UK Newspaper Licencing Agency Says Musicians Need To Pay To Quote Reviews

from the live-by-copyright,-die-by-copyright dept

I wonder how copyright maximalist musicians feel about this particular story. Techdirt reader glassneedles alerts us to an offline (!?!) news article in the publication Private Eye, about how the UK's Newspaper Licensing Agency (NLA) has declared that musicians who quote positive reviews from newspapers need to pay £1,250 per year (which would allow them to quote up to 50 reviews). Seriously. Apparently, the NLA went around to various music agents and managers a while ago, and they (quite reasonably) ignored the threats. That just made the NLA mad.
... the phoney war has turned into a real one, with the NLA chasing agents, threatening legal action and demanding not just license payments for future quotes but also retrospective payments for past ones.

The amounts are crazily excessive for the modest, shoestring operations that most classical music management and PR companies tend to be, with £7,000-£8,000 a typical demand.
For folks who help market a number of musicians, the NLA claims are apparently adding up to being fairly serious.
The most outrageous example... concerns a small PR company called ElevenTenths, which is effectively one woman, Claire Willis, working form a spare bedroom.... Poor Ms. Willis was collared by the NLA a few months ago, required to fill in forms about her clients and activities, and then received a bill for £23,500.
Willis complained and apparently the NLA "backed down" and offered a deal for "only" £1,588.45. In the past, we had written about the NLA winning a lawsuit against news aggregators, so perhaps it's now turned to those who quote its reviews as a new, highly questionable, revenue stream.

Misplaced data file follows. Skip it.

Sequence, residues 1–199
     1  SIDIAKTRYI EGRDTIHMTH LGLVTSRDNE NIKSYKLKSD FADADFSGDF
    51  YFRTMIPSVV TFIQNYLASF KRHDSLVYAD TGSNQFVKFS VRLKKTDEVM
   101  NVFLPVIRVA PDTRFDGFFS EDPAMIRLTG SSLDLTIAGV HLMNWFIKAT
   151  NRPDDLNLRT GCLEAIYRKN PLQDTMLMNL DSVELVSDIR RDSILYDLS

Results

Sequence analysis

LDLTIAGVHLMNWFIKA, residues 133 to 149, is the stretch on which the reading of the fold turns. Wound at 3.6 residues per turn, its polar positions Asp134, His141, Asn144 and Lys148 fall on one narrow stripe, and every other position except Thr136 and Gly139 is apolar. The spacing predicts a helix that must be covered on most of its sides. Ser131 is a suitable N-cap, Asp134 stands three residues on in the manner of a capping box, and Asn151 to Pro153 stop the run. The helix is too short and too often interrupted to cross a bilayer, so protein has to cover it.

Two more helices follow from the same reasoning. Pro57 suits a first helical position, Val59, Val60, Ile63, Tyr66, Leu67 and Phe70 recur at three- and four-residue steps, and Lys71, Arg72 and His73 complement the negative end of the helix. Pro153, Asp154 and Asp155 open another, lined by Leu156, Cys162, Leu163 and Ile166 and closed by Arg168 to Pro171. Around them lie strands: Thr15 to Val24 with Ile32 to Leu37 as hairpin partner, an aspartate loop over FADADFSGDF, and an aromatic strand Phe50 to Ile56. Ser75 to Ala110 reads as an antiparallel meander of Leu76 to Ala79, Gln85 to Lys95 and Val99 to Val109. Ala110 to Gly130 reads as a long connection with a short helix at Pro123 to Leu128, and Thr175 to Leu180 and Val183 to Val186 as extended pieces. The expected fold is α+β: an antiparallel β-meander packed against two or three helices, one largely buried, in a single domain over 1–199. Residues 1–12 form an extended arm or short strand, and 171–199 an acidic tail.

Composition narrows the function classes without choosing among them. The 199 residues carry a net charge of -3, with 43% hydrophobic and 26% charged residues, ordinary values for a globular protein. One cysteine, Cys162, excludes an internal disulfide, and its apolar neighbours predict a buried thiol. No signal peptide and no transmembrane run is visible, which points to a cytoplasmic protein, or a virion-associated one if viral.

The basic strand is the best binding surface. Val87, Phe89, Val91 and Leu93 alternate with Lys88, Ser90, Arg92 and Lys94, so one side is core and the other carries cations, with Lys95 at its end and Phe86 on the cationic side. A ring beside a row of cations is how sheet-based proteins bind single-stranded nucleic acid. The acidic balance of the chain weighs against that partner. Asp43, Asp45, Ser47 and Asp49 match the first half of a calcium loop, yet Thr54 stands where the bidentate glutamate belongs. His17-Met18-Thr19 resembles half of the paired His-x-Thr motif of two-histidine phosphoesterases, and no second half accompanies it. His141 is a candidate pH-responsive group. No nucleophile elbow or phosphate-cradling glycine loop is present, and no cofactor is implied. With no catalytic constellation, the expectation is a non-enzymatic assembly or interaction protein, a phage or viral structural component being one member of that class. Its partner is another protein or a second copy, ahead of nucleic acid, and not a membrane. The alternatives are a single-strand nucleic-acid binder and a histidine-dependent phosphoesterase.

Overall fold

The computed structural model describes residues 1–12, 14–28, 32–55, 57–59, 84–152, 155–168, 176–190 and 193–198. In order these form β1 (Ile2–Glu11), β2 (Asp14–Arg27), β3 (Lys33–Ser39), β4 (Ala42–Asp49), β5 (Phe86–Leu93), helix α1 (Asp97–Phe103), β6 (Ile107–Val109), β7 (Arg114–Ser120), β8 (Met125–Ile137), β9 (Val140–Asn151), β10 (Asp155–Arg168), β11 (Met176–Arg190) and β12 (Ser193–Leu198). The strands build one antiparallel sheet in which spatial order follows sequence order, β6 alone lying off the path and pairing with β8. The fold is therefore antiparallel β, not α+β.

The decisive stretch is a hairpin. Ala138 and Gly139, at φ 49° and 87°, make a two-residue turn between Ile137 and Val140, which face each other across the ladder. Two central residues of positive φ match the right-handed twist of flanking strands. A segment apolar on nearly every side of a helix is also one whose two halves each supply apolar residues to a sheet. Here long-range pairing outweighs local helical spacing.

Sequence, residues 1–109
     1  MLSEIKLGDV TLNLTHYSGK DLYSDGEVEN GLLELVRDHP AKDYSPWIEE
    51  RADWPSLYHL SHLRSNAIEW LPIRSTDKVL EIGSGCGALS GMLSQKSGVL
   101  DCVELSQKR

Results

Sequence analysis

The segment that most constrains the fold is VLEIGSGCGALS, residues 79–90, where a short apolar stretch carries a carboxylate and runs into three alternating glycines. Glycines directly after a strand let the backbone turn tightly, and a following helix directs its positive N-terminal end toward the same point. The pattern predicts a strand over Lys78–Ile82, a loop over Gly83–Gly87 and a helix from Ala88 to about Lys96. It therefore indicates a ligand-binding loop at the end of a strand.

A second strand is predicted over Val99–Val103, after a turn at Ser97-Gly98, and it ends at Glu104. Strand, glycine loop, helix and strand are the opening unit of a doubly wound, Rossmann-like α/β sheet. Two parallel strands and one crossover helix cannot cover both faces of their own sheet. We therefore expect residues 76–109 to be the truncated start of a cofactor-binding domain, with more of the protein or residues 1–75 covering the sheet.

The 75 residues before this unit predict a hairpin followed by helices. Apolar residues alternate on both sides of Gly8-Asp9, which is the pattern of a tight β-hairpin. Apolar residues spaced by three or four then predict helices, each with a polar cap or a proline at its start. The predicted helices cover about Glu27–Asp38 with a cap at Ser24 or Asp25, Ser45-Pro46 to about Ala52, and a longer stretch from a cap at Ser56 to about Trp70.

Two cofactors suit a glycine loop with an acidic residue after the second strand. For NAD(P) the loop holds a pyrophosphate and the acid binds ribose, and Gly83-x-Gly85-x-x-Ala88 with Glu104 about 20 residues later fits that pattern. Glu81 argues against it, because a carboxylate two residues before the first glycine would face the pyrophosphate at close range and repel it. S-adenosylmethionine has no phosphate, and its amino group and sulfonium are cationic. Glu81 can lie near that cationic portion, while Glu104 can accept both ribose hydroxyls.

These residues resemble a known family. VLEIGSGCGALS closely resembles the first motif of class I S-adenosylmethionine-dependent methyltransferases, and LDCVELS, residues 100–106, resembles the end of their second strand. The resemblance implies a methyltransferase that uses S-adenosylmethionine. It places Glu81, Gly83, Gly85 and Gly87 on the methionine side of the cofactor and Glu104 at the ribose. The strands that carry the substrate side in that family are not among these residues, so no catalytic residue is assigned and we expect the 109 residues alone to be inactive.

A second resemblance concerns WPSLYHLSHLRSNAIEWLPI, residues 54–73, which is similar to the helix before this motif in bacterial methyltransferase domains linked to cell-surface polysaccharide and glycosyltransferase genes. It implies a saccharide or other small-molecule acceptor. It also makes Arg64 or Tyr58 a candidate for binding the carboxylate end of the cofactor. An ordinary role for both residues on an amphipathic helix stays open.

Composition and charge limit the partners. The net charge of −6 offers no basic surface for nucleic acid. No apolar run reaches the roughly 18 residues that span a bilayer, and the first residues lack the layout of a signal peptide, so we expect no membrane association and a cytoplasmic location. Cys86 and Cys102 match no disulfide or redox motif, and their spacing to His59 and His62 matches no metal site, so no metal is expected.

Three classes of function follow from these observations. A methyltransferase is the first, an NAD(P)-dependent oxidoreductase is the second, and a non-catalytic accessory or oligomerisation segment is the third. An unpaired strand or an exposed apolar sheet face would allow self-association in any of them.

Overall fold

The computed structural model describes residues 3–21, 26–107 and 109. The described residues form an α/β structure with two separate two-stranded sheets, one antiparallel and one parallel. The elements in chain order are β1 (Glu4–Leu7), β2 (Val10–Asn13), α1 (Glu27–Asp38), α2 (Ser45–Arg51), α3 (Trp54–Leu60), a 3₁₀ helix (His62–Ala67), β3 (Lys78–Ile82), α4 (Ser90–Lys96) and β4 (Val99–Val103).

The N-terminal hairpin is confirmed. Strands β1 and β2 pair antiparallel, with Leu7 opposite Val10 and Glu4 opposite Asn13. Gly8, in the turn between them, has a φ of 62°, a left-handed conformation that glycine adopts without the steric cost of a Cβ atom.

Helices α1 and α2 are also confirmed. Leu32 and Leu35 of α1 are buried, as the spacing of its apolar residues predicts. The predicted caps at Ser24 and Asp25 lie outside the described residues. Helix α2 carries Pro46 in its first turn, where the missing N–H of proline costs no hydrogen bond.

I wonder if folks in the UK are regretting the decision, in the Hargreaves report, that the UK doesn't need an explicit fair use rule.

Filed Under: copyright, licensing, musicians, newspapers, quotes, reviews, uk
Companies: nla

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  1. icon
    art guerrilla (profile), 13 Nov 2012 @ 9:36am

    Re: Re: Three things needed here...

    1. don't think it is a crime against humanity either way: either a satirical story was mistaken for true-true (yes, i just saw the big mess that is 'cloud atlas'); or a true-true story was tagged mistakenly as satirical...

    2. here's the thing: with the -literally- unbelievable lengths the MAFIAA and their foreign counterparts engage in to squeeze pennies out of widows, orphans, and the blind for activities that 99.99999999999999999% of us think are acceptable, it is EASY to believe ANY crazy, impractical, unjust extreme bullshit that we hear about is true-true...

    in other words, it is IMPOSSIBLE to exaggerate, make up ANY extreme scenario, or go so far beyond the pale to satirize copyright maximalists; because NO MATTER HOW EXTREME and ridiculous a scenario is, they have already gotten laws to that effect, or would if they could...

    IT IS IMPOSSIBLE to make any hyperbolic statements regarding their draconian 'enforcement' of so-called IP laws, because next week you will be reading that is EXACTLY what they did or are trying to do...

    art guerrilla
    aka ann archy

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